Meanwhile, however, Poland and other EU countries have already implemented Directive (EU) 2018/957, amending Directive 96/71/EC. In turn, the new regulations provide that, with few exceptions, all the employment laws of the host state ultimately apply to posted workers (depending on the period of posting). Therefore, if, following the view still formulated under Directive 96/71/EC, it is assumed that the provisions applicable despite the choice of law include the minimum conditions applicable to posted workers, it will have to be concluded that employees working remotely in Poland for foreign undertakings are bound by all obligatory provisions of Polish labour law, with the exception only of provisions on the rules and procedure for concluding and terminating employment contracts and the application of non-competition clauses, as well as employee pension schemes and employee capital plans, which were excluded from the obligation to apply them to workers posted in the host state.
Regardless of the position taken, employment of a Polish citizen or a citizen of another state in Poland by a foreign entity means, without a doubt, the obligation to apply the vast majority of the provisions of Polish labour law as the minimum standard of conditions to be provided to the employee. The doubt mainly concerns the necessity (or not) of applying the provisions on formation and termination of employment contracts.
Work permit and visa?
Depending on whether the employee providing remote work from the territory of a state other than the state where the employer is registered and operates is a citizen of that state or another state, it may also be necessary to consider immigration issues when hiring such an employee. This problem can affect any of the possible configurations.
A Polish employer who hires a third-country national does not have to obtain any work permit, visa, residence permit or other permit in Poland for the employee, as long as the employee remains and works abroad. But such obligations might arise in the country where the work is performed. Immigration requirements and the need to legalise the work and stay of the employee may be associated with a Polish employer’s hiring abroad of a citizen of Poland or another country other than the one where the work is performed. Even if a Polish employer hires a national of another country to perform work in that country, that country may require a permit for such employment. Moreover, not all countries allow their citizens to perform work for foreign employers in their own territory.
Although the regulations are not clear here (and indeed a loophole exists), according to the position currently presented by the Polish Ministry of Family and Social Policy, in principle no work permit or other work document is required in the case of performance of work in Poland by an employee who is a national of a third country, employed exclusively by and on behalf of a foreign employer (with its registered office and operations outside Poland). However, in such case, what remains to be resolved is always the question of the basis authorising such a foreigner to enter and stay in Poland (visa-free travel, visa, residence permit). This is because regardless of the lack of an obligation to have a work permit, any foreigner entering Poland and intending to stay here must have the appropriate documents authorising him to do so. On the other hand, the granting of a visa or residence permit in respect to remote work in Poland for a foreign entity will be subject to the discretion of the competent authority, and is not guaranteed.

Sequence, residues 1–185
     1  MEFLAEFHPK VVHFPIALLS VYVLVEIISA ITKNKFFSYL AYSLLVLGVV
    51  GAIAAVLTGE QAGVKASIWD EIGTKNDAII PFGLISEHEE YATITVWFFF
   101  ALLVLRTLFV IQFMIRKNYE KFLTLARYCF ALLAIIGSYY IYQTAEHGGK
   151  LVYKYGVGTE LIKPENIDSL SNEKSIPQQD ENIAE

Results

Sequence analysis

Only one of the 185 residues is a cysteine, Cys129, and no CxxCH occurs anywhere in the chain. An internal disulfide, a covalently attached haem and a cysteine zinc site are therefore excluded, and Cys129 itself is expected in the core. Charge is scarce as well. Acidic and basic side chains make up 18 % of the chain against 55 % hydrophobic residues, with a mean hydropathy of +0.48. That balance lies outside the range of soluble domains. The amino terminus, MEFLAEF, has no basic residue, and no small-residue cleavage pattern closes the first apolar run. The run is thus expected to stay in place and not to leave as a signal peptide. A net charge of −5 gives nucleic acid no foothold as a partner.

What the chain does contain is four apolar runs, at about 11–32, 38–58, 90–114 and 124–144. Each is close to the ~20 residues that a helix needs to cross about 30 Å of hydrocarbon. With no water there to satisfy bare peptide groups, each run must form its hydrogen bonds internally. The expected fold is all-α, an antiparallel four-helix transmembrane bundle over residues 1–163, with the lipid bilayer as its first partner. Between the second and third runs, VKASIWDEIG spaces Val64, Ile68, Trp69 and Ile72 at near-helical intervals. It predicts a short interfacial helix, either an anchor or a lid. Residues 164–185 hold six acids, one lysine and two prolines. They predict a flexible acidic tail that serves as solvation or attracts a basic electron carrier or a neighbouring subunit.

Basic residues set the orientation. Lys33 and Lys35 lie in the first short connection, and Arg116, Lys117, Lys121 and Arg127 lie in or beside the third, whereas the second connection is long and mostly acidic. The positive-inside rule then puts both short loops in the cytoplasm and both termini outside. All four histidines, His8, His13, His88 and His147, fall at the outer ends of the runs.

What should be the language of the contract?
An employer who hires a person living and working outside Poland does not have to prepare a contract in Polish, regardless of this employee’s citizenship, but then the regulations of the country where the employee performs the work should be considered, as they may impose requirements regarding the language of the contract.
In the case of persons hired by foreign employers in Poland (if the employee is residing in Poland at the time the employment contract is concluded and the contract is to be performed in Poland), the employment contract must be prepared in Polish. It is also permissible to prepare one or more foreign-language versions of the contract, but then the Polish version must be controlling if the person performing the work is a Polish national. An employment contract can be prepared in a foreign language alone when the employee residing and performing work in Poland is not a Polish citizen, speaks the foreign language in which the contract is made, and requests for the contract to be prepared in that language, after being instructed on the right to have the document made in Polish.
Where to pay taxes and social insurance?
A separate but equally important issue is the tax and social-insurance implications of remote work performed from a country other than the one where the employer has its registered office and operations. A great deal will depend on the circumstances of the particular case, which will require a legal analysis in this regard.
Easier without an employment contract?
One way to avoid the additional difficulties associated with hiring an employee in a foreign country may be to hire the person under a contract other than an employment contract, such as a service contract (independent contractor agreement or B2B contract). Among other things, this may allow the parties to avoid the foreign law regime. But even then, issues of taxation, social insurance, and immigration will usually still have to be faced.
Also, in each case, it is necessary to take into account local regulations which in some cases may not allow or provide for employment on any basis other than an employment contract.
Magdalena Świtajska, adwokat, Employment and Global Mobility practice, Wardyński & Partners